Saturday, September 27, 2008

More thoughts on the McCain/Obama debate

In lastnight's debate, Obama's comment, that "the first question is whether we should have gone into the war in the first place," really tore open one of the key differences between candidates. Not on a matter of policy, but at the much more fundamental (and crucial) level of logic and problem-solving.

This was McCain's response:

The next president of the United States is not going to have to address the issue as to whether we went into Iraq or not. The next president of the United States is going to have to decide how we leave, when we leave, and what we leave behind. That's the decision of the next president of the United States.

What a genuinely oblivious thing to say. It articulates everything about what's wrong with so many military leaders like McCain: don't worry about what led up to the problem, just fix it. They're quick to tell you what the problem is, and how to solve it, but there's no interest in WHY the problem exists in the first place. Without understanding the WHY of the problem, you can't even begin to talk about a solution. It's like you drop a ball into a maze and you're trying to get the ball through to the other end, without actually looking at the maze.

So, this notion McCain has that the next President doesn't need to think about what went wrong in the first place, he just needs to fix it? Congratulations, jackass. You just demonstrated how all your experience is nullified by someone who knows how to think.

I'm so glad Obama understands this.

Friday, September 26, 2008

Tonight's McCain/Obama debate

Both candidates have this misguided idea that sending more troops overseas is a valid solution to our foreign policy issues. This is one of the things about Obama that puts me on my guard, but McCain's collection of stupid ideas win my contempt by knockout. He continuously talked about "victory" in Iraq, and how he would make sure that we left "the winners." To talk about victory in this context is completely meaningless.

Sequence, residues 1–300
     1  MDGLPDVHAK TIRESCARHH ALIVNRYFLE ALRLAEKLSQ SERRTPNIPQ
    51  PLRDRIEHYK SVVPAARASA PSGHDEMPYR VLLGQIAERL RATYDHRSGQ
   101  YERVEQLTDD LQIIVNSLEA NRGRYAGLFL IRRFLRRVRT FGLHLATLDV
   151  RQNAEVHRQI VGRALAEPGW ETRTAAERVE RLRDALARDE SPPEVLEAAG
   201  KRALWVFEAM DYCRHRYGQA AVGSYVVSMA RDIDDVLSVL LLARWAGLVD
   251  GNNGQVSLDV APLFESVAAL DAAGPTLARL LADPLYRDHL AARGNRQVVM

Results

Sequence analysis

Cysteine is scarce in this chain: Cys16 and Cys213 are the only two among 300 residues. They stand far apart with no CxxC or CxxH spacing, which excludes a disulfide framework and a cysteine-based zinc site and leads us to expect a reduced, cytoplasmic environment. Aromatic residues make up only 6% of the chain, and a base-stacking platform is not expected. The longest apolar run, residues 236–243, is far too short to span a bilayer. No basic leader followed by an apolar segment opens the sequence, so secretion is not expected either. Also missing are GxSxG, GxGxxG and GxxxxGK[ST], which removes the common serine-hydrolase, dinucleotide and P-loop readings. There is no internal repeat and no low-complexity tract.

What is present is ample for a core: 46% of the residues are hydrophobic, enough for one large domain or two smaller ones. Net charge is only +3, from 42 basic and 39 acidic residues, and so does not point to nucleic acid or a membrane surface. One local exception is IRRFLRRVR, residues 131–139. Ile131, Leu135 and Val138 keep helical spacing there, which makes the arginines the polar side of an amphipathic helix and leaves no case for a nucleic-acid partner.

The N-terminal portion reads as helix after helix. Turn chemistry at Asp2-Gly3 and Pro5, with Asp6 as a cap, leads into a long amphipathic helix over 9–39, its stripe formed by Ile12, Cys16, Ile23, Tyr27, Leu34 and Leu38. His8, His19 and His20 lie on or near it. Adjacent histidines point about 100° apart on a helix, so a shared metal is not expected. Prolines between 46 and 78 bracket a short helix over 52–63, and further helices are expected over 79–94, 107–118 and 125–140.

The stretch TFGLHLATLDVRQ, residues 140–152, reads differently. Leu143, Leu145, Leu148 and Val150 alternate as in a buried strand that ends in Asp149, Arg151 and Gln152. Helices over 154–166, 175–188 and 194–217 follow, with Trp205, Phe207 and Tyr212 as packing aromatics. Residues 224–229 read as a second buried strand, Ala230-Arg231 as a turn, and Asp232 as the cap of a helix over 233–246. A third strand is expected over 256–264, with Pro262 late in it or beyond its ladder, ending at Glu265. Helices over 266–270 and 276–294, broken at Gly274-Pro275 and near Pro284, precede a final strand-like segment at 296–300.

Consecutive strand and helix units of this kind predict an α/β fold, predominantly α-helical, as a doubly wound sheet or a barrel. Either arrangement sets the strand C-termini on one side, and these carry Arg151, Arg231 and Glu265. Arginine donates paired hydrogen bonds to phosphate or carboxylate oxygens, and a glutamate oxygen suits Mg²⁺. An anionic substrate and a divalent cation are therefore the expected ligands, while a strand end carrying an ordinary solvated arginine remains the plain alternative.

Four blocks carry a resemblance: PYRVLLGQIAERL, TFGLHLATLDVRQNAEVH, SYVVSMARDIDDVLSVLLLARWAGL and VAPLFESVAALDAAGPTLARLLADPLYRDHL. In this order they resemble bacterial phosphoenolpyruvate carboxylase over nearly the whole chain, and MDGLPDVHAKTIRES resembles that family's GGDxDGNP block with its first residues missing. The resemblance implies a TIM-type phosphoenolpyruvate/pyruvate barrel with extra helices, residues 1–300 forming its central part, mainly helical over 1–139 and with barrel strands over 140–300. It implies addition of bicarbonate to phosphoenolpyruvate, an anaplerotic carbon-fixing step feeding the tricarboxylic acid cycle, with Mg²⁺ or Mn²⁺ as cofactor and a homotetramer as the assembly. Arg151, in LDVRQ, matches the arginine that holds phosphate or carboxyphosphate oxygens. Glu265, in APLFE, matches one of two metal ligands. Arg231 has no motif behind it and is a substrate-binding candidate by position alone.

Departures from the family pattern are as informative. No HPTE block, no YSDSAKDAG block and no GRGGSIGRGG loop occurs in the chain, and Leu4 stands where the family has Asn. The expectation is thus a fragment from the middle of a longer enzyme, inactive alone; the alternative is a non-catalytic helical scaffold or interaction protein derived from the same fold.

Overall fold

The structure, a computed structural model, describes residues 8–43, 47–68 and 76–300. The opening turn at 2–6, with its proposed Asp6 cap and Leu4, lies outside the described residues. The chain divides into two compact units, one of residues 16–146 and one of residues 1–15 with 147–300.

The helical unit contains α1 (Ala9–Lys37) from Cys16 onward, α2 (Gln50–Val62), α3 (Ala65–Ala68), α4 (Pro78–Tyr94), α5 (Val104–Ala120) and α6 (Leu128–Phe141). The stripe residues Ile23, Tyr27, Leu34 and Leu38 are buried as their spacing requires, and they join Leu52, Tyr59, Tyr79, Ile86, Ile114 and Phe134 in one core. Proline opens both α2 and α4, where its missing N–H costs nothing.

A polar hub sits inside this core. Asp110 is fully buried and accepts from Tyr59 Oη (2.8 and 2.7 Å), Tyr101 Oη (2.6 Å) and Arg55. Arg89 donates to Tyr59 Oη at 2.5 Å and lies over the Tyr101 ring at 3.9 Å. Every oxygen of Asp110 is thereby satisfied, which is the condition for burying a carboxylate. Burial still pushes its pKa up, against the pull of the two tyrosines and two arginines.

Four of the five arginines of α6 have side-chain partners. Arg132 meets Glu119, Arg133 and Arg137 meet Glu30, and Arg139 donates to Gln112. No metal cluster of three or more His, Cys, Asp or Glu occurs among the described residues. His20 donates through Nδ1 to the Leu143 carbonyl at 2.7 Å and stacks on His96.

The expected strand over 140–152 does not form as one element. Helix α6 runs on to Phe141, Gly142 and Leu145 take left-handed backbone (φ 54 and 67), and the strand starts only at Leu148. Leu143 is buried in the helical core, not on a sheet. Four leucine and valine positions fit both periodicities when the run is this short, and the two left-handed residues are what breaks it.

A relevant distinction here is the Deleuzian one between striated and smooth space (or Spinoza's distinction between extrinsic and intrinsic properties): the former refers to physical attributes that can be measured in the world; the distance from Leavenworth to St. Louis, the length of my cell phone, the number of terrorists in Iraq. The latter applies to attributes that aren't physical, and can't be measured in the same way (some would argue these qualities can't be measured); the quality of art, how much you learned in Astronomy class, terrorism itself (as a force).

Just what does McCain's vision of "victory" in Iraq look like? Killing the terrorists? If terrorism is the problem, it won't be solved by killing (or even marginalizing) terrorists. That's an attempt to eliminate an intrinsic quality by getting rid of extrinsic properties. You can't striate smooth space. Terrorists aren't the problem. The ideologies that breed terrorism are the problem. You can't get rid of an ideology simply by killing the people who adhere to it. The longer you try, the worse it's going to get. How about this, for a change: stop thinking with your adrenal glands and start thinking with your frontal cortices.

Or does victory look like a successful counterinsurgency? If the definition of an insurgent is a citizen who forcefully opposes an unjust regime or an unjust occupation, then a counterinsurgency is immoral by definition. It's imperialism on its face.

Neither of the candidates seems to realize that our current approach is wrong to begin with. Not only morally, but it fails logically.